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N Engl J Med. 2015 Apr 9;372(15):1419-29. doi: 10.1056/NEJMoa1414219.

Effects of red-cell storage duration on patients undergoing cardiac surgery.

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From Fairview-University Medical Center, Minneapolis (M.E.S., S.P., J.M.), and Mayo Clinic, Rochester (G.A.N.) - both in Minnesota; Johns Hopkins University (P.M.N., G.W.) and University of Maryland (R.C.) - both in Baltimore; New England Research Institutes, Data Coordinating Center, Watertown (S.F.A., S.G.), Boston Children's Hospital (S.R.S.), Massachusetts General Hospital (L.B., C.P.S.), Brigham and Women's Hospital (R.M.K.), Tufts University (R.E.), St. Elizabeth's Medical Center (R.H.), and Beth Israel Deaconess Medical Center (L.U.), Boston, and Baystate Medical Center, Springfield (R.E.) - all in Massachusetts; University of Pittsburgh and University of Pittsburgh-Mercy Hospital, Pittsburgh (D.J.T., P.D.); Puget Sound Blood Center and University of Washington (M.D.) and Swedish Medical Center (S.Y.) - all in Seattle; Duke University, Durham (E.B.-G., J.H.L., T.L.O.), and University of North Carolina, Chapel Hill (Y.P.) - both in North Carolina; McMaster University, Hamilton, ON, Canada (M.A.B.); Indiana-Ohio Heart and St. Joseph Hospital (V.S.) - both in Fort Wayne, IN; Rutgers Robert Wood Johnson Medical School, New Brunswick (J.L.C.), and Newark Beth Israel Medical Center, Newark (R.K.) - both in New Jersey; University of Iowa, Iowa City (T.R.); Aurora St. Luke's Medical Center (K.E.P.) and Froedert Memorial Lutheran Hospital (J.G.M.), Milwaukee, and Aspirus Heart and Vascular Institute, Wausau (R.M.) - all in Wisconsin; Vanderbilt University, Nashville (P.P.Y.); University of Texas Southwestern Medical Center, Dallas (P.E.G.); Children's Healthcare of Atlanta, Emory University, and Emory University Hospital, Atlanta (C.D.J.); St. Luke's-Texas Heart Institute, Houston (A.B.); Weill Cornell Medical College (M.M.C.) and Columbia University Medical Center (E.A.H.) - both in New York; University of Florida, Gainesville (C.T.K.); University of Oklahoma, Oklahoma City (P.R.R.); and University of North Dakota School of Medicine and Health Sciences, Fargo (C.D.).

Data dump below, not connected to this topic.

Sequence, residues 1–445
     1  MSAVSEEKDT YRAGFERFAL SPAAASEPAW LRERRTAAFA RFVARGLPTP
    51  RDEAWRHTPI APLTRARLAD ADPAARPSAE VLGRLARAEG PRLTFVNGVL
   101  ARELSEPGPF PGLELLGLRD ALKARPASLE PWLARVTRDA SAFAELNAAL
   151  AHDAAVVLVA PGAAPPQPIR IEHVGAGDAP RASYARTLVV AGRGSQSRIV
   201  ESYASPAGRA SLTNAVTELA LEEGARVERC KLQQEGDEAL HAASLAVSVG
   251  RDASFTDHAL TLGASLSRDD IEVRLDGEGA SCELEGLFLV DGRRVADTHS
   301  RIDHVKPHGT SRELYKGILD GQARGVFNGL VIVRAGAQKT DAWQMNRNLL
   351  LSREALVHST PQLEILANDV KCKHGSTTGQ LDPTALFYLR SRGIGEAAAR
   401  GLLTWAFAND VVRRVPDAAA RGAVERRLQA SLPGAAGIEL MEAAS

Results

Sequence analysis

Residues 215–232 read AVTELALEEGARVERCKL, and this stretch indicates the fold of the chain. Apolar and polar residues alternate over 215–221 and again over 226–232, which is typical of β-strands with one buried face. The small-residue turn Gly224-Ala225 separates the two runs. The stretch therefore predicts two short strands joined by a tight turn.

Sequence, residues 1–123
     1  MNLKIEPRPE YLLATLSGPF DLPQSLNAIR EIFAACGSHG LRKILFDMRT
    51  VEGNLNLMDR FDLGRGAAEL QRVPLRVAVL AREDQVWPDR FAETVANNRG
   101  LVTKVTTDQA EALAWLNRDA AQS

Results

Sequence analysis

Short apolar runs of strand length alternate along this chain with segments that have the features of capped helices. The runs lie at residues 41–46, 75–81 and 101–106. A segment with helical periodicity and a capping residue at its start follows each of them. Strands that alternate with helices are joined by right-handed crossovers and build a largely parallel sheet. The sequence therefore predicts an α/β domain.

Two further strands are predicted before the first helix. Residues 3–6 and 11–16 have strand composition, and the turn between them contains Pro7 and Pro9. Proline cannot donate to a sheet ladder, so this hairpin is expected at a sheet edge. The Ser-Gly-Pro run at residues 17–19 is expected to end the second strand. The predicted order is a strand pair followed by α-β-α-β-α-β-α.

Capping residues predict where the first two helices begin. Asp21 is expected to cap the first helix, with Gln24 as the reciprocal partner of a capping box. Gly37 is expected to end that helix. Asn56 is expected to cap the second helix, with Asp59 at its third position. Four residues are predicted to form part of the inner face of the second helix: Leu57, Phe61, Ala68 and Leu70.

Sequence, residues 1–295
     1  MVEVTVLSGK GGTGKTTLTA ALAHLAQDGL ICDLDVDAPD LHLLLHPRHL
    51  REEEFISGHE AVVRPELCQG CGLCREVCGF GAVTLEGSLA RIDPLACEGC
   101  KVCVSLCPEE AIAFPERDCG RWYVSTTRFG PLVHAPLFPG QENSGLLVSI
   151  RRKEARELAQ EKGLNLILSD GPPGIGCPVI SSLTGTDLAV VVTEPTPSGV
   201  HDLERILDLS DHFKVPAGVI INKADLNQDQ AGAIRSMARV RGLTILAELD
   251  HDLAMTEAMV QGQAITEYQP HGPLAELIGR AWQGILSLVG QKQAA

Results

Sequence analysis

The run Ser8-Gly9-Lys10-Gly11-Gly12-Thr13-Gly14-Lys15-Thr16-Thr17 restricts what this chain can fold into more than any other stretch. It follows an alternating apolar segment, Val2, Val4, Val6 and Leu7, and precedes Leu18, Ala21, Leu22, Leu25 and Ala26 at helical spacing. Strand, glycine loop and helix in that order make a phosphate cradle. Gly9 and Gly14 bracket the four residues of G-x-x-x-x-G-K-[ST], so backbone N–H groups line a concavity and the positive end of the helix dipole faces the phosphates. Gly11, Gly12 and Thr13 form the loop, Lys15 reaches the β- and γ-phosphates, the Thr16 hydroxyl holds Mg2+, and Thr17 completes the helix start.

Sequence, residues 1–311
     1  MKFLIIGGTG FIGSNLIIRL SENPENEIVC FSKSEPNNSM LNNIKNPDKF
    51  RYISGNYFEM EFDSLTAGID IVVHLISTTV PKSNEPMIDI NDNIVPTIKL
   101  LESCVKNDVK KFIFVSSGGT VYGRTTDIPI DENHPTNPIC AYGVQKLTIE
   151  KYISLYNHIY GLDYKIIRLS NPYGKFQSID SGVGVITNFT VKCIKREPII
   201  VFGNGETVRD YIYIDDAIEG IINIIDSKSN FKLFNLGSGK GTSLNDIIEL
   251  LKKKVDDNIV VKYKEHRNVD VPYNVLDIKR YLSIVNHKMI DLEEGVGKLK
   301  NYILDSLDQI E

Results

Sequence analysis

Some observational studies have reported that transfusion of red-cell units that have been stored for more than 2 to 3 weeks is associated with serious, even fatal, adverse events. Patients undergoing cardiac surgery may be especially vulnerable to the adverse effects of transfusion.


We conducted a randomized trial at multiple sites from 2010 to 2014. Participants 12 years of age or older who were undergoing complex cardiac surgery and were likely to undergo transfusion of red cells were randomly assigned to receive leukocyte-reduced red cells stored for 10 days or less (shorter-term storage group) or for 21 days or more (longer-term storage group) for all intraoperative and postoperative transfusions. The primary outcome was the change in Multiple Organ Dysfunction Score (MODS; range, 0 to 24, with higher scores indicating more severe organ dysfunction) from the preoperative score to the highest composite score through day 7 or the time of death or discharge.


The median storage time of red-cell units provided to the 1098 participants who received red-cell transfusion was 7 days in the shorter-term storage group and 28 days in the longer-term storage group. The mean change in MODS was an increase of 8.5 and 8.7 points, respectively (95% confidence interval for the difference, -0.6 to 0.3; P=0.44). The 7-day mortality was 2.8% in the shorter-term storage group and 2.0% in the longer-term storage group (P=0.43); 28-day mortality was 4.4% and 5.3%, respectively (P=0.57). Adverse events did not differ significantly between groups except that hyperbilirubinemia was more common in the longer-term storage group.


The duration of red-cell storage was not associated with significant differences in the change in MODS. We did not find that the transfusion of red cells stored for 10 days or less was superior to the transfusion of red cells stored for 21 days or more among patients 12 years of age or older who were undergoing complex cardiac surgery. (Funded by the National Heart, Lung, and Blood Institute; RECESS number, NCT00991341.).

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